This week, the United States Supreme Court plans to conduct an initial review of President Trump’s Muslim Ban 2.0, which has been blocked from taking effect due to the federal court cases in Maryland and Hawaii.
Judges in those cases issued nationwide injunctions preventing implementation of sections 2(c) and 6 of the Ban, which barred travel from the six designated countries and suspended refugee processing. The federal government has appealed those cases. The Fourth and Ninth Circuits have both upheld the injunctions. At this point the federal government has filed a petition for certiorari with the Supreme Court, meaning they have asked the Court to hear one or both cases. This week the US Supreme Court will decide whether to hear the cases and also whether to grant or deny a stay of the current injunctions (meaning the ban would go back into effect).
There are five possible outcomes:
1 The court could not come to any decision about what to do with the cases, and agree to look at them again during their next conference…in October. This would keep the travel ban on hold at least until then.
2. The court could decide that it doesn’t want to take up the travel-ban cases at all.
3. The court could allow the travel ban to go into effect over the summer and consider the case in the fall. This is what the Trump administration is asking the justices to do — it wants them to stop the injunctions issued by the lower courts from being in effect until the Supreme Court has had a chance to rule on whether to uphold them.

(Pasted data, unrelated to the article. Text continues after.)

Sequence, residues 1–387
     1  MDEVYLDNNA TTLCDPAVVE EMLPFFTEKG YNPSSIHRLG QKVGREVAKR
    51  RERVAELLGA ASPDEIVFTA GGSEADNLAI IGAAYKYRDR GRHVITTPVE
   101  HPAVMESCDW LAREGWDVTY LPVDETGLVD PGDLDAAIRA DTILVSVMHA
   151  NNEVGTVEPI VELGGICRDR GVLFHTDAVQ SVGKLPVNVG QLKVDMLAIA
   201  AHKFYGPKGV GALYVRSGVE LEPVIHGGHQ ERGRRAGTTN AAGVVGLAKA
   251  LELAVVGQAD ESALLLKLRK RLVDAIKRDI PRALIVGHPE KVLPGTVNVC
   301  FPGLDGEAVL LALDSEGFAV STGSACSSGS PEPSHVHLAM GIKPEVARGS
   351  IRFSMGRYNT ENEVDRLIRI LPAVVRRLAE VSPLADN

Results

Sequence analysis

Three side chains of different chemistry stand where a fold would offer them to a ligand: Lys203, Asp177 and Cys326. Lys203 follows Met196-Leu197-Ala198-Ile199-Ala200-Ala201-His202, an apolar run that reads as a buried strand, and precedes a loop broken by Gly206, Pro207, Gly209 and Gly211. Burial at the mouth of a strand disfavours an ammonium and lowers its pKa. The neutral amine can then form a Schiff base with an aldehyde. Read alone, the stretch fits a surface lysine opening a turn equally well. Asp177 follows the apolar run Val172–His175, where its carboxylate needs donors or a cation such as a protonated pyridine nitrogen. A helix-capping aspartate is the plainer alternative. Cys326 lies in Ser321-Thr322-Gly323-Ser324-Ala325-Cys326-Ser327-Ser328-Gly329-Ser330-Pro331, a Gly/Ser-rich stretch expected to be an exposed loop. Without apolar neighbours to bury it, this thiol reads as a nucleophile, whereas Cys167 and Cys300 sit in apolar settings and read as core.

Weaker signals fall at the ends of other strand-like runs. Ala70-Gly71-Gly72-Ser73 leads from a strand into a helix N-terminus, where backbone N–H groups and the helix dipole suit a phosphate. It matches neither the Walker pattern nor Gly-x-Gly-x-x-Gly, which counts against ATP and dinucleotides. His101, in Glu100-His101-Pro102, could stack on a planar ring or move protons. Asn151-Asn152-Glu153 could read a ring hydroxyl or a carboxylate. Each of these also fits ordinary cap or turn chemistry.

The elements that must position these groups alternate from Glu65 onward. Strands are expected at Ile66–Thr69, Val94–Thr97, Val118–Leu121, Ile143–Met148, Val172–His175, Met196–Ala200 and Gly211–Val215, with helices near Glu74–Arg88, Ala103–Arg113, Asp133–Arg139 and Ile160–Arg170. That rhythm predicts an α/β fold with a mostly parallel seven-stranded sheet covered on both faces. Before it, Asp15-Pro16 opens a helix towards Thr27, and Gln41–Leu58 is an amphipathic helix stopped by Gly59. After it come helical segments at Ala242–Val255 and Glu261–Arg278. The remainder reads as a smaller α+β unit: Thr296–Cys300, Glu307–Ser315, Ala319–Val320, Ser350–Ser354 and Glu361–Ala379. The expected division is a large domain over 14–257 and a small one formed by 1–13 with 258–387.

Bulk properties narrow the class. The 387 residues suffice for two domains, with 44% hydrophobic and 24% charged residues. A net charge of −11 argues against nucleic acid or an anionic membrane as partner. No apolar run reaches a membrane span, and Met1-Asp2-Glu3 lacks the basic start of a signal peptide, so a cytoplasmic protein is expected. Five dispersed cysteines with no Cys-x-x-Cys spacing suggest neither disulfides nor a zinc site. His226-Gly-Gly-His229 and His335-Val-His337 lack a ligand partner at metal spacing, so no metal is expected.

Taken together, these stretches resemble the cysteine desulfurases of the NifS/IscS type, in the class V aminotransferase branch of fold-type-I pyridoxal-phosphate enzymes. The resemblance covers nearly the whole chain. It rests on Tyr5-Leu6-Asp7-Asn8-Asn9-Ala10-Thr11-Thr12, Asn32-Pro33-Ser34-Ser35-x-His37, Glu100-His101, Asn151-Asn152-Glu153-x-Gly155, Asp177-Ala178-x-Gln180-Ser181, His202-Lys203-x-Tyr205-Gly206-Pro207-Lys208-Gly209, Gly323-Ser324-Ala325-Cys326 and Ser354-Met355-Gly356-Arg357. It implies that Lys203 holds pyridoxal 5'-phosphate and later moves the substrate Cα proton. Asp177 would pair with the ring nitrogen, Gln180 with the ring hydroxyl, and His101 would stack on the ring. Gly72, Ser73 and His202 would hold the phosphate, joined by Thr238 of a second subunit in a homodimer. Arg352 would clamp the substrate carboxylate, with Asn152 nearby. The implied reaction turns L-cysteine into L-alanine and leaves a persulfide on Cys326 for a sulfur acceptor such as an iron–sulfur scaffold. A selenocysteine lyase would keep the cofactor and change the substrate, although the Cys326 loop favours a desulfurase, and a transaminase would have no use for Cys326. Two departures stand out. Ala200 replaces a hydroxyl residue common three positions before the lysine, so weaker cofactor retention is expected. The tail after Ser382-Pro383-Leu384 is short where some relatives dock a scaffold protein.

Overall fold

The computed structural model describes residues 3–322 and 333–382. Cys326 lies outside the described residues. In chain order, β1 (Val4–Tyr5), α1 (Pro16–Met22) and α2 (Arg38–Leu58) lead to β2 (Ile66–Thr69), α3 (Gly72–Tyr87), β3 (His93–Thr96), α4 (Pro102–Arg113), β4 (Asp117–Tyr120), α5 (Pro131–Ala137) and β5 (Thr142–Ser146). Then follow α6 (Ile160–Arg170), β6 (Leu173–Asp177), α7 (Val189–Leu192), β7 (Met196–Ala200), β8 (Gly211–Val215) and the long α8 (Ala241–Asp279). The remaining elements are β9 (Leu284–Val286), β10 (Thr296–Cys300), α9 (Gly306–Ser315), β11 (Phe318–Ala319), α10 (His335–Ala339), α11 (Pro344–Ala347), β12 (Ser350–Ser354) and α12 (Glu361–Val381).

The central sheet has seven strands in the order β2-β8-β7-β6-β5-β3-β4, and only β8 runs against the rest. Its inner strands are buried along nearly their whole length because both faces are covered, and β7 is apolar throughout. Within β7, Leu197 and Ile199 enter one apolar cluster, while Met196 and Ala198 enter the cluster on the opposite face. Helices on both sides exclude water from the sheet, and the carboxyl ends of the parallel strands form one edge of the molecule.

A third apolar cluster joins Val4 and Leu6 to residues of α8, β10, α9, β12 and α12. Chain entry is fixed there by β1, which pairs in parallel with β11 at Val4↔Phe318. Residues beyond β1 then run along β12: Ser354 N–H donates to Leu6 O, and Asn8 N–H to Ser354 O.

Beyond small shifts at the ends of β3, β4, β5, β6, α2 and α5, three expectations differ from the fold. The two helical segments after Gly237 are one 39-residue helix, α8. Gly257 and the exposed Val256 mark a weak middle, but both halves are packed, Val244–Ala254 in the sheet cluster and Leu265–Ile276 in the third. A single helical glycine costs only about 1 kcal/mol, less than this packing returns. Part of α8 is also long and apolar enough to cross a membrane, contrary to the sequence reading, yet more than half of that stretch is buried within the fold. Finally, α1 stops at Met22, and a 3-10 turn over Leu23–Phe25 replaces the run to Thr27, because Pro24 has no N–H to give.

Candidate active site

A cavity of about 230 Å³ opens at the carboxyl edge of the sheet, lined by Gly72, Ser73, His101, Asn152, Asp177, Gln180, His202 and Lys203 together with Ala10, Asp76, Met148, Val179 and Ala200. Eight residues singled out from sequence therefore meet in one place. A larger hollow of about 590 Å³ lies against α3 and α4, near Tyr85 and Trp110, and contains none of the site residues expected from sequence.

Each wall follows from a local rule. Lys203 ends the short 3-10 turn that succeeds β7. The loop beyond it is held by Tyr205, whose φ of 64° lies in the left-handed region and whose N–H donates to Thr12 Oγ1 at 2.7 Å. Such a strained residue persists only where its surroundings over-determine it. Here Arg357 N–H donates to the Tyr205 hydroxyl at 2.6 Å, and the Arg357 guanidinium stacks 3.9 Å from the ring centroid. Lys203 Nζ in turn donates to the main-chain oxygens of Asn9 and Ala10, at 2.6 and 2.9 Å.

4. The court could agree to take the cases up when it reconvenes in the fall. This is the most traditional option: the Supreme Court could grant certiorari in the travel-ban cases, and set a schedule for oral argument after its next term begins in October, just like it would do for any other case granted cert at the end of the term. But unless the Supreme Court explicitly says otherwise (a la the previous option), the travel ban will remain on hold until the Supreme Court has heard the oral arguments and ruled on the injunction sometime after October 1st.
5. The court could delay its summer recess to hear the travel-ban case. If the Supreme Court actually wants to resolve this case quickly, there are only 2 ways to do it: stay out of the case entirely (by denying certiorari) or agree to delay their summer break until the case is resolved. This has happened before, especially in cases involving national security, high-profile policy fights, or both (the travel ban certainly fits both categories).
Until we know for sure what the Supreme Court plans to do with the current injunctions, we are encouraging Muslims (who are nationals of the six designated countries, and who do not have US citizenship or a green card) NOT to travel outside the country unless it’s absolutely necessary. Even if the Muslim Ban is reinstated, it should not, in theory, have an impact on green card holders and others with valid immigration status. In practice, however, even those who are not citizens of the six targeted countries may experience travel difficulties as a result of the Muslim Ban. This would be especially true for those who may be overseas during the chaotic and confusing hours after the Ban takes effect.
We will send another alert when the Supreme Court announces what it plans to do. Regardless of whether or not the ban is reinstated, there have been reports of more Muslim travelers being questioned about their personal religious and political beliefs and Muslim travelers experiencing harassment by CBP during secondary screening. If you experience discriminatory treatment at the airport, including improper questioning about your faith, make sure to file an online incident report or call us at 614-451-3232. If you are traveling overseas any time soon, please make sure to review our international travel tips.